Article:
At a time when the world is gearing up for the largest wealth transfer in history and entrepreneurial teenagers are making millions from their basements, wealth managers and family offices are seeking ways to serve an increasingly youthful client base.
The dynamic change has brought with it a greater focus on technology. A tech-savvy generation are open to wealth management services that don’t require face-to-face interaction and prefer to manage their investments through user-friendly financial software.
Accelerating the challenge to traditional wealth management service providers are technology giants like Facebook and Google, who have already entered the financial services arena with online payment facilities. It could only be a matter of time before they branch out into the realms of asset management, a process already underway in China, so wealth managers must get to know their clients or risk falling by the wayside.
“The thing that strikes me about our clients is that they are a very global generation,” says Eva Lindholm (pictured, right), head of ultra-high net worth services for UBS Europe, whose clients typically have at least $55 million in invested assets.
“These are often young people who have been educated abroad, so straight away this generation has a global network that the last generation didn’t. When we talk about the investment environment, the fear of the unfamiliar is reduced and they are already thinking about international opportunities.”
Technology is not only making it easier for the younger generation to keep up with their investments, it means they are far less likely to trust in the word of a wealth manager, according to Lindholm.
“When my parents’ generation went to the doctors, whatever the doctor said is what you did. Now, this generation goes to the doctors and will have researched their illness on the web and will come to the meeting with views and questions,” she says, adding: “The professional cadre is not treated as an oracle anymore, it’s a further source of information for the younger generation.”
This mentality has changed the way some wealth managers go about their business, according to the World Economic Forum. Their 2014 report, The Future of Financial Services, highlights two key forces in play in wealth managers that are succeeding today: automation and client empowerment.
According to the report, technological automation allows wealth managers to automate certain services and take on clients they would otherwise have been forced to overlook. Empowerment, on the other hand, refers to the empowerment of clients through digital applications, which provide clients with a better picture of their portfolios. Lindholm says the more UBS can offer digital products the more likely they are to secure new clients.
Inherited vs. entrepreneurial wealth
But what is the difference between clients that have inherited wealth versus those that have earned it? According to Lindholm, not a great deal.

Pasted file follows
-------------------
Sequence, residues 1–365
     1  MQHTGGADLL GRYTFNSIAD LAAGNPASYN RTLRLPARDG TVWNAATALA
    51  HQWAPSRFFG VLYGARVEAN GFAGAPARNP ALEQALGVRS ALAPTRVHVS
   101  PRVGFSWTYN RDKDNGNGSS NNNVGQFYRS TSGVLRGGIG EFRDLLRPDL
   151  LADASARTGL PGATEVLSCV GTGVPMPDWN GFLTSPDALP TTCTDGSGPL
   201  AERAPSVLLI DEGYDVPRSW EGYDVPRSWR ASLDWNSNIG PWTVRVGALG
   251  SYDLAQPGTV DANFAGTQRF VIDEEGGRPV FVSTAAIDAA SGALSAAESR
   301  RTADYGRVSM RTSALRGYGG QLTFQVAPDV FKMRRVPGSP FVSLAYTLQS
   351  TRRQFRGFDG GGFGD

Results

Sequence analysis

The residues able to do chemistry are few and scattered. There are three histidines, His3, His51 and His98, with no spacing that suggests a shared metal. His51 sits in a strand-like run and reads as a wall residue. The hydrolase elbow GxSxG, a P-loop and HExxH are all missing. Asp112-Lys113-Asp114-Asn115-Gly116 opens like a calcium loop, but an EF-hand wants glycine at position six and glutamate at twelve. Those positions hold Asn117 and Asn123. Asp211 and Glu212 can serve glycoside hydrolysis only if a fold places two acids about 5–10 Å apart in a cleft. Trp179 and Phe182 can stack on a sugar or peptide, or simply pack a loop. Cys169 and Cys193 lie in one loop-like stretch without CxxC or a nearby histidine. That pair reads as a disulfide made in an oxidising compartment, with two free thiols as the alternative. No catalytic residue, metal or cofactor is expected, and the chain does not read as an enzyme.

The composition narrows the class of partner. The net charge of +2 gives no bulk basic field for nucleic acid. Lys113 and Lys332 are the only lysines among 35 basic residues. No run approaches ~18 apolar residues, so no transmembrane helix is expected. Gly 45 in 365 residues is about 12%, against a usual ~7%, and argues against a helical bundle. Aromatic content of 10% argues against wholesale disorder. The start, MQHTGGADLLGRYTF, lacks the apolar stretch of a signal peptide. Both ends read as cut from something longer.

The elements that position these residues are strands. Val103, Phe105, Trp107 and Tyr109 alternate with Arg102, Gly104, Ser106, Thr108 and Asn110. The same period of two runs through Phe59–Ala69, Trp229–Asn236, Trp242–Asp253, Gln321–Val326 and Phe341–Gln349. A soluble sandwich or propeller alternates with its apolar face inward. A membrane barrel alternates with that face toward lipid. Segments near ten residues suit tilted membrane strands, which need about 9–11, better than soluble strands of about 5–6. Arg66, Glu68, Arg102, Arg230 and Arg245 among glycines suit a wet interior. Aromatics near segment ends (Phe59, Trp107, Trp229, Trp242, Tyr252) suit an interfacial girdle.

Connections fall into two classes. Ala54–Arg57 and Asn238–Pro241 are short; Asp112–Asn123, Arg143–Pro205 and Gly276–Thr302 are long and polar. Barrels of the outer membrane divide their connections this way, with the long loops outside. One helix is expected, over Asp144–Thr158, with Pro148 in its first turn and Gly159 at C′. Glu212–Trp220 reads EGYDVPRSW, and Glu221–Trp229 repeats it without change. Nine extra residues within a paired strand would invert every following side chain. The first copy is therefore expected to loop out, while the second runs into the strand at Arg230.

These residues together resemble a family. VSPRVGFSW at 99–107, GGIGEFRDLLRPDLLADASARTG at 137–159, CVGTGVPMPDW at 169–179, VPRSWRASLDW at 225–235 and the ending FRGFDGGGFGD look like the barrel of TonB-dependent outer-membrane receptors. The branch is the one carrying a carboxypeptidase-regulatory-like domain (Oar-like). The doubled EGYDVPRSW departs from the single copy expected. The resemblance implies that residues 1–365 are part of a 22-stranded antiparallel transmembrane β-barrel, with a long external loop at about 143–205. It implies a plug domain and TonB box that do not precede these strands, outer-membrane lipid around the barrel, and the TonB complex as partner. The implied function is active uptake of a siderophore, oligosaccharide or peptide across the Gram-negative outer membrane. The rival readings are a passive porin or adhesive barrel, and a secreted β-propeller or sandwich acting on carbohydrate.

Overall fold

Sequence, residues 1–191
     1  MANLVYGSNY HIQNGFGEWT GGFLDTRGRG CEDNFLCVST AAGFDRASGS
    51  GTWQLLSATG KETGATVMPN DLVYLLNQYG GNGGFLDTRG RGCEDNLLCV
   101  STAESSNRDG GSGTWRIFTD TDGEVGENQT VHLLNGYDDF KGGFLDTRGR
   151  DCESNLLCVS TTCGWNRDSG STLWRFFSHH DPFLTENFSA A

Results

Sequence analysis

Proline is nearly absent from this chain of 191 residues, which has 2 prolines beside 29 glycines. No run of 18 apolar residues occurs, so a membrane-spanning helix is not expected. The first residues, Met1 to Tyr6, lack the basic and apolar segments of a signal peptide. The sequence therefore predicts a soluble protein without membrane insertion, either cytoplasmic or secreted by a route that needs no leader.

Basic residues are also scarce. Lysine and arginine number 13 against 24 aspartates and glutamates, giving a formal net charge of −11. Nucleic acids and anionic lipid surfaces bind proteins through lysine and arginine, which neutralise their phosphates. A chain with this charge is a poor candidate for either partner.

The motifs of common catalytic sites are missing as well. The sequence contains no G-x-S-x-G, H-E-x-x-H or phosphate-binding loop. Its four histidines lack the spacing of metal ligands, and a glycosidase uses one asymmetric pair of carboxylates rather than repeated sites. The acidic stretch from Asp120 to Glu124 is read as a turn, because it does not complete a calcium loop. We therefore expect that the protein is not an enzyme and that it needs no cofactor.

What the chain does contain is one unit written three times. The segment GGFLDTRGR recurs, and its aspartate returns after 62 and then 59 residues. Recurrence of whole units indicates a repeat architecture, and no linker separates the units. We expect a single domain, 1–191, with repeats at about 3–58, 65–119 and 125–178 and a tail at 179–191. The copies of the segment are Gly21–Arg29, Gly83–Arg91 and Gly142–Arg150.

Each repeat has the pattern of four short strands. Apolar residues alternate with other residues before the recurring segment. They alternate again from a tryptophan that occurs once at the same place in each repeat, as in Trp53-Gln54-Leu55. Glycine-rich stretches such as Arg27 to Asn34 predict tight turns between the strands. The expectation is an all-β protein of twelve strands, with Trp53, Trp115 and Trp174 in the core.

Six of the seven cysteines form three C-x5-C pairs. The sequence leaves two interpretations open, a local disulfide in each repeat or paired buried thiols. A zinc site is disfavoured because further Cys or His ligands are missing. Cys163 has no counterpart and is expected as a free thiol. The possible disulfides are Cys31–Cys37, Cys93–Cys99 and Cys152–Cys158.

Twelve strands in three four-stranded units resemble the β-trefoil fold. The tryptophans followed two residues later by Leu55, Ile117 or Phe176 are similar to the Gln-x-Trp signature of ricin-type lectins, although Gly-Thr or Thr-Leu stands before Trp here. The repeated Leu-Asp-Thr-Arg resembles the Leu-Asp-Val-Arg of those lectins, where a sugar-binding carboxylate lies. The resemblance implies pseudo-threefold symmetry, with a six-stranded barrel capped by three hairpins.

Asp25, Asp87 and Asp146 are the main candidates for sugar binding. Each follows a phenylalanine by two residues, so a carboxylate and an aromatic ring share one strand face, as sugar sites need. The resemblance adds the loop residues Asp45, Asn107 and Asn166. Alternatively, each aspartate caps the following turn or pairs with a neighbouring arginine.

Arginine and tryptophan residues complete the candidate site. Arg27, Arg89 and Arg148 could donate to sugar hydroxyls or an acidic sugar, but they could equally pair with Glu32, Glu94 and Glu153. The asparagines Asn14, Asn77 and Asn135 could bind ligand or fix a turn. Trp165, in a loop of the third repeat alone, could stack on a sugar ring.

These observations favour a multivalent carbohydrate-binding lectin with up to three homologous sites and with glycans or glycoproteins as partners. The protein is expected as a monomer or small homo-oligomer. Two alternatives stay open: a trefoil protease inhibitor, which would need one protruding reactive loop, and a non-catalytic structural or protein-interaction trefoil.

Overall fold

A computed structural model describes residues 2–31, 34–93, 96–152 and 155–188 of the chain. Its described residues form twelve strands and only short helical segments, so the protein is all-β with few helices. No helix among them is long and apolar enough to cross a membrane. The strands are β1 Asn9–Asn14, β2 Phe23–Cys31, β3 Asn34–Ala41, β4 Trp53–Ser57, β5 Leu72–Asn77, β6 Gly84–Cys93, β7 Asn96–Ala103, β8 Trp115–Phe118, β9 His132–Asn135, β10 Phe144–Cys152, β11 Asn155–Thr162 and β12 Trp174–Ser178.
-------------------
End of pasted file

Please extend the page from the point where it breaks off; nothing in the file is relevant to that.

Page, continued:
“Those who are successful at deploying what they inherit exhibit a lot of the same traits as those who are successful entrepreneurs,” Lindholm says, adding that it is difficult to compare unsuccessful entrepreneurs to the idle rich as you rarely hear about entrepreneurial failure.
“The real difference is that if you’re inheriting, you’re by definition a part of a family structure, and you will be operating in concert with that history. If you’re an entrepreneur you’re setting your own purpose and mission. You are less beholden to somebody else’s legacy, even if it’s the legacy of your own family.”
Simplicity of set up
Establishing a family office is no longer the endgame for wealthy individuals, according to Lindholm, who says that many of her younger clients wonder why they should set up a family office.
She added: “The family office is no longer a trophy asset. You have it because you really need it and if you need it you want it organised in the leanest, simplest, most efficient way.”
Campden Wealth’s head of research Stuart Rutherford agrees with Lindholm, saying in last year’s Global Family Office Report 2014 that investment strategy should drive how a family office is set up.
For too long technology has been considered a “back office” function in most wealth management firms, but it’s now an important element. Lindholm says that the younger generation now expects web-based services to support face-to-face interactions and those wealth managers that fail to do so are going to experience restlessness among their clients.
“I’m not saying that there is no brand loyalty, I would say there is an openness to change. The next generation is very open to exploring the merits of a newcomer and they are not biased just because they are new. If you’re not serving their actual needs, then you’re just another name on a list.”